Many Wrecks Between Trucks and Trains Occur on Grade Crossings

Virginia and North Carolina have numerous railroad crossings. Although we often assume crossings have warning signs, gates and flashing lights, this is not always the case. I have seen some frighteningly inadequate crossings in cities such as Portsmouth and Norfolk as well as in rural areas.

Many of the high-profile train wrecks that have occurred in recent years have been on grade crossings. When a train hits a car, it’s an uneven scenario and the car is usually mangled. When a train hits a big rig, it often leads to derailments and even passenger injuries and deaths.

By law, you are legally required to yield the right-of-way to passing trains.  Truckers have not always complied and, on occasions, a railroad may also share culpability if visibility is poor at a crossing or the train doesn’t sound a horn.

In 2011, an Amtrak train crashed into a truck on a grade crossing in Nevada causing the loss of six lives, including that of the trucker.

Amtrak was subsequently awarded $4.7 million by a jury against John Davis Trucking Co.  The truck was found to have numerous problems with its brakes and the driver was inattentive.  He was trying to cross the tracks despite flashing lights and several warning whistles from the train.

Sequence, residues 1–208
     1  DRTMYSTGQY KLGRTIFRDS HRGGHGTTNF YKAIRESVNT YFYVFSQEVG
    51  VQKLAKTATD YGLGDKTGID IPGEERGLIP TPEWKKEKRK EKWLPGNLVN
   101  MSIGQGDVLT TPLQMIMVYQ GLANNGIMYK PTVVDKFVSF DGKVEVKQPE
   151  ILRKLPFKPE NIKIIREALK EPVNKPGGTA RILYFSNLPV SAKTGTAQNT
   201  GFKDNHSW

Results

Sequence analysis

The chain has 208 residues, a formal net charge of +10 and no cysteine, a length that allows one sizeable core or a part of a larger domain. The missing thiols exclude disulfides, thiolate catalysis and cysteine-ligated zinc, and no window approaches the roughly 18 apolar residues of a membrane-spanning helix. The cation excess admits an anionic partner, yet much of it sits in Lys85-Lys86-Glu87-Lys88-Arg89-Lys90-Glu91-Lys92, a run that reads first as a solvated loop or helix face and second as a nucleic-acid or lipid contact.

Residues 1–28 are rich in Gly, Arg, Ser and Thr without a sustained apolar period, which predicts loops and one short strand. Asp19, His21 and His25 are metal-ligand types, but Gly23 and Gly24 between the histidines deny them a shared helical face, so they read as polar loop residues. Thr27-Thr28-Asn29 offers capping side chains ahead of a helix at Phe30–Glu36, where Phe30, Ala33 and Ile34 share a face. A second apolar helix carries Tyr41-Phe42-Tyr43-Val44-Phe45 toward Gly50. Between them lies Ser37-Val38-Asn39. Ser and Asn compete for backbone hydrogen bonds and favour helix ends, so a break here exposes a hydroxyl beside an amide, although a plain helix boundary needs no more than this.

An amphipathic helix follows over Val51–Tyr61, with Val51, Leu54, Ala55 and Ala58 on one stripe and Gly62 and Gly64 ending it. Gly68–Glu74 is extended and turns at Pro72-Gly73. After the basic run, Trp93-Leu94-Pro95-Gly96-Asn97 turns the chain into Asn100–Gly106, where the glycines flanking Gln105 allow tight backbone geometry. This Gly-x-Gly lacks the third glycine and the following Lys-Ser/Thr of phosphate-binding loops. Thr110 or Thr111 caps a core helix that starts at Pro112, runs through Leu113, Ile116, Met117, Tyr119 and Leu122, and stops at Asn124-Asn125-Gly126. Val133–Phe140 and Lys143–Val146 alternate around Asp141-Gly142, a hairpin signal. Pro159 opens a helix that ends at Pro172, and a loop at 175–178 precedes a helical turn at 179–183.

A similar incident took place on March 9, 2015, in North Carolina when an oversized tractor-trailer failed to comply with crossing regulations set by the Department of Transportation. Weighing around 127 tons and measuring roughly 164 feet long, the tractor-trailer was roughly three times larger than a standard eighteen-wheeler. As it tried to cross the railroad tracks, the tractor trailer got stuck. An Amtrak passenger train going at 69 mph struck the stranded tractor trailer.  

Many passengers were severely injured and dozens were hospitalized. Fortunately, no fatalities were reported.

The Department of Transportation has guidelines on how to cross the railroad with an oversized load. The tractor-trailer failed to follow several safety prerequisites. A load that large requires special patrol escorting during transport, needs to clear the route it’s traveling through, and must contact the local railroad services warning them of the crossing. There was clearly a breakdown in communications before this crash.

Trucking cases usually require considerable work and may cross state lines. At Cooper Hurley Injury Lawyers, we have decades of experience in these complex cases. Please contact us at (757) 455-0077 if you or a loved one has been injured in a wreck caused by a trucker or if you have been hurt on a substandard grade crossing.


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